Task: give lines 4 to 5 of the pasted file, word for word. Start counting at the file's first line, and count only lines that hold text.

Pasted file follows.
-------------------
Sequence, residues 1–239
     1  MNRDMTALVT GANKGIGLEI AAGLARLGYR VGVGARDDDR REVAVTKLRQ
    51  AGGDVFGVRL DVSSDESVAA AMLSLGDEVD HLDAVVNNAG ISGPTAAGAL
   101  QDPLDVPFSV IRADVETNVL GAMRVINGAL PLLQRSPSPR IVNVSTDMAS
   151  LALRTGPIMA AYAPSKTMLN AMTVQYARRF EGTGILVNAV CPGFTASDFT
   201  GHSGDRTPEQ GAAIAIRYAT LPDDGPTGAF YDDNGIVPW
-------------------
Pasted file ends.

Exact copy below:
   101  QDPLDVPFSV IRADVETNVL GAMRVINGAL PLLQRSPSPR IVNVSTDMAS
   151  LALRTGPIMA AYAPSKTMLN AMTVQYARRF EGTGILVNAV CPGFTASDFT